The diversity of South African succulents
With today’s column, we return to our focus on selecting summer-dry plants for seasonal additions to the garden.
Recent columns featured plants native to California, Australia, the Mediterranean Basin, South Africa (perennials), Mexico (perennials), Chile and Mexico (succulents). We are now focusing on succulents native to South Africa.
Succulents can be found on most continents, with the exception of Antarctica (not yet!). While some of these plants survive in very harsh dry areas, they more generally thrive in more normal environments that experience seasonal or cyclical droughts. Succulents have adapted to such an environment by storing moisture in their leaves, stems or roots and easily surviving until the eventual return of the rains.
California gardeners may be most familiar with succulents from neighboring Mexico, but far more succulents come from Africa, with more native succulents than any other continent. The nation of South Africa contains the smallest of the world’s six recognized floral kingdoms, home to 23,420 species of vascular plants, including a huge number of succulents.
In the following paragraphs we describe several of the South African succulents in my garden, selected to suggest the diversity of shapes and sizes of their plants. This series begins with a sampling of various aloes, a genus characterized by its rosette shape.
Torch Aloe (Aloe arborescens). This familiar plant grows easily in this zone, reaching 9 feet by 9 feet. Its common name refers to its unbranched inflorescences of coral-red flowers, rising during the winter months two feet above the foliage.
Short-leaved Aloe (Aloe brevifolia). A much smaller plant, this aloe develops clumps of three-inch wide rosettes, with spikes of orange tubular flowers in late spring. It serves as a “filler” plant in the garden.
Soap Aloe (Aloe maculata). This plant was known as A. saponaria, in reference to the soapy foam made from its sap. Its current species name means “speckled”, in reference to the coloring of its leaves. This plant spreads easily through underground suckers.
Spotted Aloe (Aloe ‘Wrasse’). An example of Fantasy Aloe, a colorful miniature plant in Larry Weisel’s Hybrid Fish series. Fantastical aloes, prized by succulent collectors, often have a complex parentage from multiple crosses in search of attractive foliage.
Finger Aloe (orbiculated cotyledon). Despite its common name, this plant is not an Aloe but a Cotyledon, a member of another plant family. It grows 2 feet tall and 4 feet wide, and in spring produces intriguing clusters of pale orange, bell-shaped flowers that hang 12 to 18 inches tall.
Red Carpet (Crassula pubescens ssp. radicans). This member of the Crassula plant family is a mat-forming plant only a few centimeters tall, with slender stems that start upright and over time spread out laterally and form new shoots emerging from the nodes. Its tiny white flowers look like crowns. This plant is used as a ground cover.
Corncob cactus (Euphorbia mammillaris). This plant does not belong to the Cactus family, but like some other Euphorbias, it resembles a cactus. It grows about 1 foot tall and sprouts new columnar stems from its base.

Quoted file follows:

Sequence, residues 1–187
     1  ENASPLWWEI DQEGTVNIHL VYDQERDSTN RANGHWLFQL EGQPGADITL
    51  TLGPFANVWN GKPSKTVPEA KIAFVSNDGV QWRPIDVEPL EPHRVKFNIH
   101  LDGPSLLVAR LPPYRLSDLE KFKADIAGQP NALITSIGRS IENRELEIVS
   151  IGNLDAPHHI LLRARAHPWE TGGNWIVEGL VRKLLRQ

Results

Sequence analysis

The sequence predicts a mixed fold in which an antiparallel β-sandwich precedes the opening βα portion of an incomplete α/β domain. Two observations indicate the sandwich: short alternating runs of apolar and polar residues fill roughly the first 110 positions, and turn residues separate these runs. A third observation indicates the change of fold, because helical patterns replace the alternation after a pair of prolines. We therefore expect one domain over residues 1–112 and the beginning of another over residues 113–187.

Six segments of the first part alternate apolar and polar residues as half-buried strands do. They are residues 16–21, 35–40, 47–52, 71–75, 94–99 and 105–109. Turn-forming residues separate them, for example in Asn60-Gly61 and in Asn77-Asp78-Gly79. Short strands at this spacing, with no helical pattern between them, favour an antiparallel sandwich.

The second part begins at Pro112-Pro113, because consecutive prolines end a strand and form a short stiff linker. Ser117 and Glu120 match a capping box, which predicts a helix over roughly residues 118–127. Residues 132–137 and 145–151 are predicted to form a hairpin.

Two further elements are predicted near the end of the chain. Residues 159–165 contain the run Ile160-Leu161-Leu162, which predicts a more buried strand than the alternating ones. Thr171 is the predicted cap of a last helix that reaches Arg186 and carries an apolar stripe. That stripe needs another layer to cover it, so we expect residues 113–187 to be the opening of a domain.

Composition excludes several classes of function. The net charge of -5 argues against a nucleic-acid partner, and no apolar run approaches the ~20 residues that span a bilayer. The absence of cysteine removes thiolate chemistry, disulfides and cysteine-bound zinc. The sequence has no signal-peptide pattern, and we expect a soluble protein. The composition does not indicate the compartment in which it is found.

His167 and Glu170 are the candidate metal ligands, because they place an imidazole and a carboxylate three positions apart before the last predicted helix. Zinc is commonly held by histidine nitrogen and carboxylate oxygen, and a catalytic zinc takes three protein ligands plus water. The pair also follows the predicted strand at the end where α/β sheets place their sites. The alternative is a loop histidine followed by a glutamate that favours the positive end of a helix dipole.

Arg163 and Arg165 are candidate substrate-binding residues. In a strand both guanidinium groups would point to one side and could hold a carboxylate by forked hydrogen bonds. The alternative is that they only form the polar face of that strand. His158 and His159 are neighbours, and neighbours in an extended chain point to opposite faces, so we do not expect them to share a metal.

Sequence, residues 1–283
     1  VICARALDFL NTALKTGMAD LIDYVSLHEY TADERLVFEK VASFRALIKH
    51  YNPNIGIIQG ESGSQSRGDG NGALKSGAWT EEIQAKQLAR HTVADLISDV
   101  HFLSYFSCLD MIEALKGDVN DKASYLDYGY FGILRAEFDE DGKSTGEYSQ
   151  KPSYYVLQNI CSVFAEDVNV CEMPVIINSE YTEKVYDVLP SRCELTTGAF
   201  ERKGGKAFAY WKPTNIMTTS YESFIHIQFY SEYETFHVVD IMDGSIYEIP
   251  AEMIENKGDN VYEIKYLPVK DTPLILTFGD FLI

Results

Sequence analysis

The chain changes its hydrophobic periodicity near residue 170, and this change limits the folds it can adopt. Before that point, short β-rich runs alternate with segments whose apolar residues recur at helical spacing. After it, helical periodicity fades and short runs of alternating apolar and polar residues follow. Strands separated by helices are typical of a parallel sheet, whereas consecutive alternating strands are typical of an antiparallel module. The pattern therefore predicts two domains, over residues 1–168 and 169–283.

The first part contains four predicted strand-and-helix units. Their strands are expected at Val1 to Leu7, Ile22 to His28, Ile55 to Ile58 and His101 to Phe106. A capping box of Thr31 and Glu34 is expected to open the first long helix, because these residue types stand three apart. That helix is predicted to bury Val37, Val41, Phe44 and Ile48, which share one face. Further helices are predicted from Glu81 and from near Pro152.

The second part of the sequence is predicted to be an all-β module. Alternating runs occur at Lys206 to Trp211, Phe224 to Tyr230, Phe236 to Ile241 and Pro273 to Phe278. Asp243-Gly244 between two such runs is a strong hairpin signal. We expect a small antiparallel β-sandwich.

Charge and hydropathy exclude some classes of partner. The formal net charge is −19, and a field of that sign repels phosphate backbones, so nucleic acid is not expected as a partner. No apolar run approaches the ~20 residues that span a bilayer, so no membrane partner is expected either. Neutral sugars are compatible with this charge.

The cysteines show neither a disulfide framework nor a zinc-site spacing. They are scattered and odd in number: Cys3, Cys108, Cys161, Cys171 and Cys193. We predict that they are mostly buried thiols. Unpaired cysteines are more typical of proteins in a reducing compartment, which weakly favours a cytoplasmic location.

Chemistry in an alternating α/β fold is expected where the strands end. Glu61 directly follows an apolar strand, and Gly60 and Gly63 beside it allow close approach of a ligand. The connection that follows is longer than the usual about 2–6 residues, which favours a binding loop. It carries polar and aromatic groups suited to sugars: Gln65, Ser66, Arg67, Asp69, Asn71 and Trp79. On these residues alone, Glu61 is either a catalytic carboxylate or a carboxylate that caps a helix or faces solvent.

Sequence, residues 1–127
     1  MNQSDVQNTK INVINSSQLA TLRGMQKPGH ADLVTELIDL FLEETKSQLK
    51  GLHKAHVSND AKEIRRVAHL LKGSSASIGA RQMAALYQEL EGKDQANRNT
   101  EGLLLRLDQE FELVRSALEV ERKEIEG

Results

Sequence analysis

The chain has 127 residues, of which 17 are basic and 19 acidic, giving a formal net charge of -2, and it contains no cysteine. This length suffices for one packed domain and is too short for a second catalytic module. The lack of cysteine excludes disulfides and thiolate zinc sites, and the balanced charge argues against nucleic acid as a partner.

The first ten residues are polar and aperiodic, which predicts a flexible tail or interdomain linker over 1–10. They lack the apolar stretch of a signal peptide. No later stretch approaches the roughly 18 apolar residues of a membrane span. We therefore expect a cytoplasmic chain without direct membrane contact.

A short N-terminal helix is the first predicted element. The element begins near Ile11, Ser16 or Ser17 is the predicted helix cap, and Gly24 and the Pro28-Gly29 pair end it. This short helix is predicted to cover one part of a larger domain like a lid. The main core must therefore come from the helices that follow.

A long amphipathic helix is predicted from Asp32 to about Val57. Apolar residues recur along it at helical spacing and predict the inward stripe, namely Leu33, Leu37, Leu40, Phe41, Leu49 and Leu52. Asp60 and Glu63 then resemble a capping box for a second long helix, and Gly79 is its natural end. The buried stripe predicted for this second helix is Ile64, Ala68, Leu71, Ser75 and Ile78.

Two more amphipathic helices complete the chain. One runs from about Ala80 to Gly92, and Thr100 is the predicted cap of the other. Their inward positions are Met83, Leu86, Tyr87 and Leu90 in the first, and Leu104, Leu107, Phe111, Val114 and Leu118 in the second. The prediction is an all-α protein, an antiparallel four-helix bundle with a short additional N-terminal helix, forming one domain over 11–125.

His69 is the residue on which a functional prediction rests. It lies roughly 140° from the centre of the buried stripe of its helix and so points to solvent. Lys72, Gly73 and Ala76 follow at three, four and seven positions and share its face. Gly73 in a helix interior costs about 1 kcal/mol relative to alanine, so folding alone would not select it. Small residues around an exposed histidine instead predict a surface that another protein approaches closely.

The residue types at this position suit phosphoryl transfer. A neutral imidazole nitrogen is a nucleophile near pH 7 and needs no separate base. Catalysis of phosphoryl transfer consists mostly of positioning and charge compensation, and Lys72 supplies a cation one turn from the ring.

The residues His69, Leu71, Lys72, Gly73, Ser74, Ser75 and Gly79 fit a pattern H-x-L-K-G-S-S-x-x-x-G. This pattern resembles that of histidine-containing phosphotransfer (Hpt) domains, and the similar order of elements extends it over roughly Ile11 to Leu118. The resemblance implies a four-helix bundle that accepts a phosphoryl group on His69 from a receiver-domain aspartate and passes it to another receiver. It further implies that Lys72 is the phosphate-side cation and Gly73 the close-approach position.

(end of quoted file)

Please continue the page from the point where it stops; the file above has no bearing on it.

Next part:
Hottentot bread (Fockea edulis). An example of a caudiciform plant, it stores moisture in its root (caudex), which can grow up to 2 feet wide and support slender branches up to 12 feet long. The plant can be kept at a small size when containerized. The common name, which refers to the edible root, is considered pejorative when applied to people. The Afrikaans common name “Bergbaroe” might be preferred.
Cow’s Tongue Pactus (Gasteria ‘Little Warty’). This charming succulent, five inches tall and wide, is a hybrid of G. batesiana and G. ‘Old Man Silver’. Its cultivar name refers to the small bumps on the thick green leaves.
Paddle plant (Kalanchoe thyrsiflora ‘Flapjacks’). This member of the Stonecrop plant family stands 18 inches tall, with a 30 inch spike of fragrant yellow flowers in spring. With sufficient sun exposure, the margins of the leaves turn a showy red.
Pink ice plant (Oscularia deltoides). This plant spreads to a 10 inch tall and 3 foot wide mat with numerous 1 inch lavender pink daisy flowers. It works well as a ground cover and cascades well from a container or other elevated spot.
Elephant food (Portulacaria afra). This plant can be pruned to keep it at a preferred size, but in the wild it can grow up to twelve feet tall, earning its common name. It has pretty reddish-brown stems, half-inch-long emerald green leaves, and tiny pale lavender flowers in summer.
Advance your knowledge
The Cactus and Succulent Society of America resumes its biweekly webinar series with “Succulent Trees – Culture,” at 10 a.m. Saturday. The presenter, Dan Mahr, will follow his previous webinar on succulent trees. To register for this free event, go to cactusandsuculentsociety.org/.
The UC Botanical Garden has announced webinars for January. For more information and to register, go to botanicalgarden.berkeley.edu/Programs, click on “Programs & Workshops”, then on “Calendar”. This involves more clicks than expected, but you can do it.
“Opening Reception – Plants Illustrated 2022 The Beauty of Leaves,” 6 p.m. Jan. 14. This virtual gathering celebrates the opening of the 13th Annual Botanical Art Exhibition 2022, “The Beauty of Leaves”.
“Florilegia: From Historical Journeys to Current Renewal,” 10:00 a.m. Jan. 24. This is a paid event.
“Inside the Artist’s Studio: Amber Turner and Maria Cecilia Freeman,” 10 a.m. Jan. 28. This ticketed event features two botanical artists from the Northern California Society of Botanical Artists.
Enjoy your garden!
Tom Karwin is Past President of the Friends of the UC Santa Cruz Arboretum, the Monterey Bay Area Cactus & Succulent Society, and the Monterey Bay Iris Society, and UC Master Gardener.